Nova Scotians Pamela Hickman and second-generation Indo-Canadian Gola Taraschi-Carr co-authored Righting Canada's Wrongs: The Komagata Maru and Canada's Anti-Indian Immigration Policies in the Twentieth Century (Lorimer 2013).
In 1914, Canada was a very British society with anti-Asian attitudes. Although Great Britain had declared that all people from India were officially British citizens and could live anywhere in the British Commonwealth, Canada refused to accept them. This racist policy was challenged by Gurdit Singh, a Sikh businessman, who chartered a ship, the Komagata Maru, and sailed to Vancouver with over 300 fellow Indians wishing to immigrate to Canada. They were turned back, tragically.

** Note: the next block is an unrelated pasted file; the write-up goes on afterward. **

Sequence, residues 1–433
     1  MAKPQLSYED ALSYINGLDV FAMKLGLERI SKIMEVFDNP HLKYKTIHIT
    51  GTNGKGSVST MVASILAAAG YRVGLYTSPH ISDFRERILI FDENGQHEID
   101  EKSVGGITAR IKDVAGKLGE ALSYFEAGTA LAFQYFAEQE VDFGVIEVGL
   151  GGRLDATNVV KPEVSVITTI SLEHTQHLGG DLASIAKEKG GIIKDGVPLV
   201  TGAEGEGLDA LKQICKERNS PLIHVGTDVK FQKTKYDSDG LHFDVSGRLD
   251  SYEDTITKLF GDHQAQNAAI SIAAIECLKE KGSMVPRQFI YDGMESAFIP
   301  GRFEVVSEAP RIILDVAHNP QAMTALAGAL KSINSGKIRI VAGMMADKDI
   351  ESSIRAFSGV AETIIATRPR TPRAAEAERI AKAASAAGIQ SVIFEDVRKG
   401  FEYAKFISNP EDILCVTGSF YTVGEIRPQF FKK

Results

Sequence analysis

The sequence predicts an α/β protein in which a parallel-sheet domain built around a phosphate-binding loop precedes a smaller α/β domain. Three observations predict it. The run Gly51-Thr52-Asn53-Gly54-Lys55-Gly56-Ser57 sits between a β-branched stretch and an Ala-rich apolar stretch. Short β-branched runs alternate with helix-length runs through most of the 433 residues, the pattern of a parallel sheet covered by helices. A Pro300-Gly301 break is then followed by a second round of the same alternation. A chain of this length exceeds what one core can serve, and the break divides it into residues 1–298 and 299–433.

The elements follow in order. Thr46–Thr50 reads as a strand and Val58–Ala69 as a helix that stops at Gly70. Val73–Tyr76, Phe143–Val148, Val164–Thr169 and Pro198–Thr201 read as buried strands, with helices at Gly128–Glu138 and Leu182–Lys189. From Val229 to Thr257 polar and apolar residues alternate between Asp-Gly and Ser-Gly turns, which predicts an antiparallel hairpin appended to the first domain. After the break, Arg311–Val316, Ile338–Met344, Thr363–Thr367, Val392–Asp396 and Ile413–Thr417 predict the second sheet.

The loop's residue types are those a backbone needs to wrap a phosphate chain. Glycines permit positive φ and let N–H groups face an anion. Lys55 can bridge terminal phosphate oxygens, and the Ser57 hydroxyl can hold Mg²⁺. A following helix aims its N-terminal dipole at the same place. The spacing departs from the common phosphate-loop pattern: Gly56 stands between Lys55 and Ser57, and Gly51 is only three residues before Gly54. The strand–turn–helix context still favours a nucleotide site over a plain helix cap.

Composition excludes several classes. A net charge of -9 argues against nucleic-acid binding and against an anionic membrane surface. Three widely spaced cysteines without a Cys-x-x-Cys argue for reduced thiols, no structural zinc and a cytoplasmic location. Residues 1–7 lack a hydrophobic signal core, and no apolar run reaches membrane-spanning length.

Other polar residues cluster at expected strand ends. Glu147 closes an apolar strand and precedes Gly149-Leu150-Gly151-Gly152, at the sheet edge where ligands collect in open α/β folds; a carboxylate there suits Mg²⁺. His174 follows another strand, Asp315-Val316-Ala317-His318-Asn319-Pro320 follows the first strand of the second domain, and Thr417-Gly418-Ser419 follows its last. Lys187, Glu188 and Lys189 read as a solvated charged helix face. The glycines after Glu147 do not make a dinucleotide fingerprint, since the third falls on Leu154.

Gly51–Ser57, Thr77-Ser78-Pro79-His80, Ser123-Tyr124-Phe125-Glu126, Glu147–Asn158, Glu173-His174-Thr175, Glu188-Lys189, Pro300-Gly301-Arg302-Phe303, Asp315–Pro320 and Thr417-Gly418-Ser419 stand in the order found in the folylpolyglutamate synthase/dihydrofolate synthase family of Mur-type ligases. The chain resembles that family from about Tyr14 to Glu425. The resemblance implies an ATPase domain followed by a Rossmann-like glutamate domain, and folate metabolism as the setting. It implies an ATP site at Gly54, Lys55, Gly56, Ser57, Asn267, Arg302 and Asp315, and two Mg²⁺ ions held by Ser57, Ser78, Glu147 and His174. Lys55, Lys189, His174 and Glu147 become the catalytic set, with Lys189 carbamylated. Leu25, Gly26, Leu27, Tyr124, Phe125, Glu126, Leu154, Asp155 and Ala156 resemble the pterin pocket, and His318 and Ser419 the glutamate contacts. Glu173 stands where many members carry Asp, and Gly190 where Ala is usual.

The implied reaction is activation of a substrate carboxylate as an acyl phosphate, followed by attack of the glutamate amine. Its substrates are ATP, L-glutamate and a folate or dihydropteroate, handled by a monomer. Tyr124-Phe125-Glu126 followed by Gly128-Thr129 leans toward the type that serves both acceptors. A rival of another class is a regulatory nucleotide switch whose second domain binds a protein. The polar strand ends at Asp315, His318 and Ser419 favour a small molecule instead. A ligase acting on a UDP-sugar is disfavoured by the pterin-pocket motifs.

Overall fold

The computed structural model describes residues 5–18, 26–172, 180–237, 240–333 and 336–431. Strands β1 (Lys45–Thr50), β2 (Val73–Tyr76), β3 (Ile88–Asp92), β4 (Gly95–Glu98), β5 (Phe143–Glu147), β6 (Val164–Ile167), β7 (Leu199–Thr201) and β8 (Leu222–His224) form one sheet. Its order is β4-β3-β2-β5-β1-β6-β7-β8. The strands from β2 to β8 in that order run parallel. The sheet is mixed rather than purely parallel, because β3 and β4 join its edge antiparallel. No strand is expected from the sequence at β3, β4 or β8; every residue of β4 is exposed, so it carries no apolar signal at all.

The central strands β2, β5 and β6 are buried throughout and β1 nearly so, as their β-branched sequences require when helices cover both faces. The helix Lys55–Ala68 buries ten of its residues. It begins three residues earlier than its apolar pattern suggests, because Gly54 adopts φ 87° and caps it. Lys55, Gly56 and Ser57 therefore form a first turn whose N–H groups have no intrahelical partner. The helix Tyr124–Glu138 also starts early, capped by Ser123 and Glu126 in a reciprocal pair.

Over the years, the Canadian government gradually changed its immigration policies, first allowing entry to wives and children of Indian immigrants and later to many more immigrants from India. The Indo-Canadian community has grown throughout Canada, especially in British Columbia. Many in the community continue to celebrate their Indian heritage which enriches Canadian culture.
Reviews of the author's work by BC Studies:
Righting Canada's Wrongs: Italian Canadian Internment in the Second World War
Righting Canada's Wrongs: The Komagata Maru and Canada's Anti-Indian Immigration Policies in the Twentieth Century (Lorimer 2013).